Autumn Rhythm
Richard Meltzer
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Autumn Rhythm: Musings on Time, Tide, Aging, Dying and Such Biz* online

Autumn Rhythm: Musings on Time, Tide, Aging, Dying and Such Biz
Richard Meltzer
192 pages
November 2003
rated 3 of 5 possible stars

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Richard Meltzer seems to be allowed to write whatever he wants and get away with it. Maybe it's just sour grapes on my part, but I wonder if he's gone too far this time -- again.

Meltzer is irreverent, sometimes to the point of revulsion but often merely to the point of tittilating amusement. Who cares, really, that he has fantasies of having sex - no, I mean having actual sex - with his mother? He does, apparently, and lays out, as it were, the gory details. He also describes, in an almost but never quite sympathetic way, the long demise of said matron. He agrees with himself to keep his sleeves rolled down so she will not spy his tattoo - tombstone labeled Mom. What a classy guy.

For his father? He spares no such nearly kind sentiments for the one he refers to as "the old fuckeroo...Pompous blowhard; stultifying omnipresence; dreary s.o.b. with a heart of gold, no, silver, no, aluminum; white collar drudge; earnestly mawkish drip-dry sap."

He spends a chapter on a musician named Helen Wheels, describing for our edification her reproductive apparatus and inclinations, and her (to him) meaningless passing: "The wages of Rock is death."

I kept wondering if I was supposed to be reading this book, or if I had not by mistake picked up the prurient musings of a teenaged boy, not meant for adult eyeballs to glom. It was with mild surprise that I learned that Richard is only a little younger than me. There is time, then, for his sensitivities to develop, and with any luck at all, there'll be only a small queue of people whom he's maligned in print waiting to fill his shoes with concrete.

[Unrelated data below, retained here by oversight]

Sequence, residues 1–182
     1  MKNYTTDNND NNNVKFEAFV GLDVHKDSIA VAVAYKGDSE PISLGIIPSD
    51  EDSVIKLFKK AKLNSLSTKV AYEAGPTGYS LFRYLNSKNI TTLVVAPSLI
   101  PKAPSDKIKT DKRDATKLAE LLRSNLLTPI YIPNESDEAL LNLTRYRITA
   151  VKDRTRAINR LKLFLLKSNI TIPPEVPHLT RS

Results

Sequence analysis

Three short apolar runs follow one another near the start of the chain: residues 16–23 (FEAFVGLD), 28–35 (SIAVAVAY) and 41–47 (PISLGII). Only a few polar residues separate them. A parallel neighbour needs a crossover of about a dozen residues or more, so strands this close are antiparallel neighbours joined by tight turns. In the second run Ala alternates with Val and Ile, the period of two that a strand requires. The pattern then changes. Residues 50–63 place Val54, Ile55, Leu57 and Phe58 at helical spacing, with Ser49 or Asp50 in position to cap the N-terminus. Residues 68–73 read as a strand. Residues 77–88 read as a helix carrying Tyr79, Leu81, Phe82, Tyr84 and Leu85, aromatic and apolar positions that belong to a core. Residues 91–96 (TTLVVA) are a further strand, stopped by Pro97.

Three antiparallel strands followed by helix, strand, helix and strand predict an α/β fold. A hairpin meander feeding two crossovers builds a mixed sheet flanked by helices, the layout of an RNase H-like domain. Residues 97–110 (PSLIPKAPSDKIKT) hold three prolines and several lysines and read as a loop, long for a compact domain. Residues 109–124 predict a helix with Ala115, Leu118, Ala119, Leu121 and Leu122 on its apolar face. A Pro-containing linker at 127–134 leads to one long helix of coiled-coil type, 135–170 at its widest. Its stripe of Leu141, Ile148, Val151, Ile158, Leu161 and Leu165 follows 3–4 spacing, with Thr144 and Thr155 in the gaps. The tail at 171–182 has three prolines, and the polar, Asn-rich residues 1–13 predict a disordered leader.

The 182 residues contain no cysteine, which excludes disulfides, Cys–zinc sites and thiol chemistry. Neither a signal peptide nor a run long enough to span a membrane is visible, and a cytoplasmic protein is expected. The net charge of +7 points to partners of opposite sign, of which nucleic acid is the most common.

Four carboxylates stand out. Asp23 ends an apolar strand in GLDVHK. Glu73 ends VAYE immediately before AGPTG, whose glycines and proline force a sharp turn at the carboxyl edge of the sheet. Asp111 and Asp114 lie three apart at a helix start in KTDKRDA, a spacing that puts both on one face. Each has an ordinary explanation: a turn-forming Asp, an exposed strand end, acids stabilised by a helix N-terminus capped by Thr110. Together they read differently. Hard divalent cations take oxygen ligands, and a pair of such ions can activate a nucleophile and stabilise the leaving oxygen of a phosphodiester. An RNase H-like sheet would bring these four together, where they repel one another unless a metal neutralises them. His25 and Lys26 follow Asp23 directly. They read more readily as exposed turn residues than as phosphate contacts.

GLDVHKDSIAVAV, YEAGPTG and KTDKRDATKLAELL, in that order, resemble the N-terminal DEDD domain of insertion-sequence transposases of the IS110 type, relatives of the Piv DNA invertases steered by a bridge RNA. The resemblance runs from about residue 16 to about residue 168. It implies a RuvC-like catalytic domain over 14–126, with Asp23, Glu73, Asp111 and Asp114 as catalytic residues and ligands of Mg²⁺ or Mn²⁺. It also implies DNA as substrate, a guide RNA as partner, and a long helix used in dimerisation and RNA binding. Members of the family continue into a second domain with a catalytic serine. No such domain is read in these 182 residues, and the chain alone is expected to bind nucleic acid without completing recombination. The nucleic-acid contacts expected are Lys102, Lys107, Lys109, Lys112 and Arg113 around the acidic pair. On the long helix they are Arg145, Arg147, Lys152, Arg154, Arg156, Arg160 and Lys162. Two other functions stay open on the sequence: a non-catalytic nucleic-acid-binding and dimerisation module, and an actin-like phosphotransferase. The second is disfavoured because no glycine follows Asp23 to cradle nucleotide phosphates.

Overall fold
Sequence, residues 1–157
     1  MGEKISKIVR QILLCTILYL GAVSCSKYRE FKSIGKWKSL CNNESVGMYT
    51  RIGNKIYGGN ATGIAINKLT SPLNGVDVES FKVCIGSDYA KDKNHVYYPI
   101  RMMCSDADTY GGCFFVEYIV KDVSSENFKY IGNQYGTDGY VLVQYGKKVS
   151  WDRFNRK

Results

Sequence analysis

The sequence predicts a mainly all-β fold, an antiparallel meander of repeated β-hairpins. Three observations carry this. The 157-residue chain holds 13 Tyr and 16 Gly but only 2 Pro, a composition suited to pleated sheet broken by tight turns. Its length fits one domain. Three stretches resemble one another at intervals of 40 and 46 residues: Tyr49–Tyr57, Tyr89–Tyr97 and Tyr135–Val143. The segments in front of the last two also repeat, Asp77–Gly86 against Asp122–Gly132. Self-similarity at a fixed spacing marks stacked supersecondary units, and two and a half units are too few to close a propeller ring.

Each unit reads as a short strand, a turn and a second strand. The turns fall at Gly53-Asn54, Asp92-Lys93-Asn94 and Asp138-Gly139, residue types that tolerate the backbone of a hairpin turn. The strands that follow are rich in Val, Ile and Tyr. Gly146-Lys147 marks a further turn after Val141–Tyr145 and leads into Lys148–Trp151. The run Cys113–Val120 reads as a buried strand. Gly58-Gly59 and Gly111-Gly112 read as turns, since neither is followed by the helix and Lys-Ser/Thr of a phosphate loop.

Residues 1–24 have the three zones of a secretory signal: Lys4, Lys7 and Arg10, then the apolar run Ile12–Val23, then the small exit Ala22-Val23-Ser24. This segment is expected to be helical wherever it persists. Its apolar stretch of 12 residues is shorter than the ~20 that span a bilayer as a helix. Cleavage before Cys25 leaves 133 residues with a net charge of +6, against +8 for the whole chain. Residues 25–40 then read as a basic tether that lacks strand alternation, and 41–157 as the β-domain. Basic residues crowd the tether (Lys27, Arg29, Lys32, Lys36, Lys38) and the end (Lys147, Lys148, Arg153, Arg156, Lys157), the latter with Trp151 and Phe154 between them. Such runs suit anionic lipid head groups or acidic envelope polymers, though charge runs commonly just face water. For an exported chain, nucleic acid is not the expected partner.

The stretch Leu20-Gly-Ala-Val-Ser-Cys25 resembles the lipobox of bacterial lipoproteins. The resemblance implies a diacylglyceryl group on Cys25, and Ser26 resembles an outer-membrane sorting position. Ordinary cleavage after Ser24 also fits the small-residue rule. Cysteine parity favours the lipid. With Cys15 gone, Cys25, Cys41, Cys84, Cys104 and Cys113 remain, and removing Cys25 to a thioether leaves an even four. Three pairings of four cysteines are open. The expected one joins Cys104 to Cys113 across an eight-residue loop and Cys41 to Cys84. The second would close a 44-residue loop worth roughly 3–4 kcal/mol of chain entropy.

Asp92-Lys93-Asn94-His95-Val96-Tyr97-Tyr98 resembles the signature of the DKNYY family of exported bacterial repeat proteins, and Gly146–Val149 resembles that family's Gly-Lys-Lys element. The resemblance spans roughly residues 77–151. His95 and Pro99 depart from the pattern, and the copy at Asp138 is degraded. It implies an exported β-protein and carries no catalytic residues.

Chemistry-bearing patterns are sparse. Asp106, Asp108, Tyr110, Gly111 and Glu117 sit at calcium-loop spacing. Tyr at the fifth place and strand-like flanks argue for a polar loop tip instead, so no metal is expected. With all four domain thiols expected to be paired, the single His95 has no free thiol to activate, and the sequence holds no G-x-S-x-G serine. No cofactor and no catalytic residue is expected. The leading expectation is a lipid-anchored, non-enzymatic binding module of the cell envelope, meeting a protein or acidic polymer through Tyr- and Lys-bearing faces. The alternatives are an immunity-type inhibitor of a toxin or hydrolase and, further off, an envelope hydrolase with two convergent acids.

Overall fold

Since I'd hate to be among the portland cement bag ladies lined up outside his hospital door -- both because I'd rather not get on his bad side and be chewed up and spit out with all the body fluids intimately spewed across the page, and because waiting for Richard to pass away would be, like, this huge big drag on my time -- let me pause for one moment and tell you the good things about this book.

The cover art is hilarious -- an old couple with eyeballs blunked out by black rectangles, freaking and grinning. The made-up words like "geezerology" are clever hooks to keep you reading. And it may just be that sandwiched in, kind of like really expensive mustard, among the meaty insults and cheesy cheap shots, are some real human feelings about our common perceptions of growing old, or as Meltzer chooses to put it, "copping in print to being old."

I have to do a lot of editing around the good quotes, but here's one I particuarly enjoyed: "I was in my 50s before I realized barmaids flirt with you not 'cause they think you're cute or respect your wisdom, but to get a bigger tip."

And better of all: "So misery-efficient this life. But if past mis'ries would only just drift away...what a deal!"

© 2003 by Barbara Bamberger Scott for Curled Up With a Good Book

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